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One-third of patients diagnosed for the first time with a mood disorder have also been previously admitted to the hospital with an infection.
In a new study, the largest of its kind, researchers show a clear correlation between infection levels and the risk of developing mood disorders.
For instance, a person may experience an infection of the stomach or urinary tract or in the skin. The infection may appear to be over, but the physiological distress seems to continue unseen. The new PhD project shows that many people subsequently suffer from some type of mood disorder.
“Our study shows that the risk of developing a mood disorder increases by 62 percent for patients who have been admitted to hospital with an infection,” explained Michael Erikson Enros, MD, PhD, from Aarhus University and Psychiatric Centre Copenhagen. “In other words, it looks as though the immune system is somehow involved in the development of mood disorders.”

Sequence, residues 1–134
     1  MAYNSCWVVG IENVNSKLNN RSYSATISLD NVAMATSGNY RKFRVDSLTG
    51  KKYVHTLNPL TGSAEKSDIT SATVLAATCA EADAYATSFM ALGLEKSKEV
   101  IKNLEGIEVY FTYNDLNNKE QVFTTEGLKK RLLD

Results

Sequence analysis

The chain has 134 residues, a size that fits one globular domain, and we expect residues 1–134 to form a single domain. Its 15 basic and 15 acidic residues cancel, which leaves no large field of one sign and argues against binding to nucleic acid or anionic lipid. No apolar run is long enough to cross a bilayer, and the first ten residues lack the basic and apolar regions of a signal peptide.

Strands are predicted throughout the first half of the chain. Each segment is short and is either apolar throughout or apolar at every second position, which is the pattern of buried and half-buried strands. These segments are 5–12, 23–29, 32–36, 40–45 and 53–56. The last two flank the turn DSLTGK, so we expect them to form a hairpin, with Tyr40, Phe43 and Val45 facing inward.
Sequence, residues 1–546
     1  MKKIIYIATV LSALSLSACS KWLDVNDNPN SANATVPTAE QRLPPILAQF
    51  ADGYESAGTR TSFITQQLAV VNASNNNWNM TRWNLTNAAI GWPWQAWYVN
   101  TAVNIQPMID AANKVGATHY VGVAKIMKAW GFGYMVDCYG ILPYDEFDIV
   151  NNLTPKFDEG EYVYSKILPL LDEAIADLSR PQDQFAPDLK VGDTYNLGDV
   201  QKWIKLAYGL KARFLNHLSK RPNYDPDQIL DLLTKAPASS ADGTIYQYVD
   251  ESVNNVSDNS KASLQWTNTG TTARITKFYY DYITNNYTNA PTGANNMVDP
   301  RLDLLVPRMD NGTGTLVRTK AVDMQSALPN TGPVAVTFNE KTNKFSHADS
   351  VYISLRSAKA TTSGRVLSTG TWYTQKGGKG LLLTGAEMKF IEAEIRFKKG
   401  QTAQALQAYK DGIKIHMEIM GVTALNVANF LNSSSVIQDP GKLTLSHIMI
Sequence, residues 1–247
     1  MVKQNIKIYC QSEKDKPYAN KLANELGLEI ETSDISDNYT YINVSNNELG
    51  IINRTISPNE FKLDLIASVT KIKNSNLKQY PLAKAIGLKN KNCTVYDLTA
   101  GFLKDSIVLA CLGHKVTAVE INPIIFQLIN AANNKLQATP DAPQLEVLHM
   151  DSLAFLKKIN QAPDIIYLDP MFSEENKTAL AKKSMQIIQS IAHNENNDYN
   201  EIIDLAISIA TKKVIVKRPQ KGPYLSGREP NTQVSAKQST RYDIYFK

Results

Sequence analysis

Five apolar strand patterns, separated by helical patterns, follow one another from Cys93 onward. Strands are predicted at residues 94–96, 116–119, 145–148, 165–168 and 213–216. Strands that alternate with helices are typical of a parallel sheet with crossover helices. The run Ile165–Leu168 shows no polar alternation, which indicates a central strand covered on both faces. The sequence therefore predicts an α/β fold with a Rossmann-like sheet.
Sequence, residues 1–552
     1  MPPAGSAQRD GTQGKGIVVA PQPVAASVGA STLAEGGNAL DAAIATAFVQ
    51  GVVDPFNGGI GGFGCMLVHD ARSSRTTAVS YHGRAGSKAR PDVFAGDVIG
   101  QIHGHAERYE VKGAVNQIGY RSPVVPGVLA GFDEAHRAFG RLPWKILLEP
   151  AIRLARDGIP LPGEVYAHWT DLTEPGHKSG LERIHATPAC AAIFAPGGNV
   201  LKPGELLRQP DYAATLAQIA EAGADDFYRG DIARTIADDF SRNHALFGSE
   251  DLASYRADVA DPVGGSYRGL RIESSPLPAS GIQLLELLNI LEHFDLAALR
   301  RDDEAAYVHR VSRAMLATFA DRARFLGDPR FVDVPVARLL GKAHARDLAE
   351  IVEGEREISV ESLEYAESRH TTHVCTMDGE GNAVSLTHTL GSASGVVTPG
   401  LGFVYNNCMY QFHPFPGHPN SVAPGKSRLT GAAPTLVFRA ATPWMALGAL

The study is a register study which followed more than 3 million Danes between 1977 and 2010 using their patient registers. More than 91,000 of these people had hospital contact in connection with a mood disorder. While examining these medical records, the researchers discovered that 32 percent of these patients had previously been admitted to the hospital with an infectious disease and about 5 percent had been admitted with an autoimmune disease.
“Normally the brain is protected by the so-called blood-brain barrier (BBB),” explained Benros, “but in the case of infections and inflammation, new research has shown that the brain can be affected on account of a more permeable connection between the immune system and mood disorders.”
Future research on this connection may help to prevent mood disorders and improve treatment.
Source: Aarhus University
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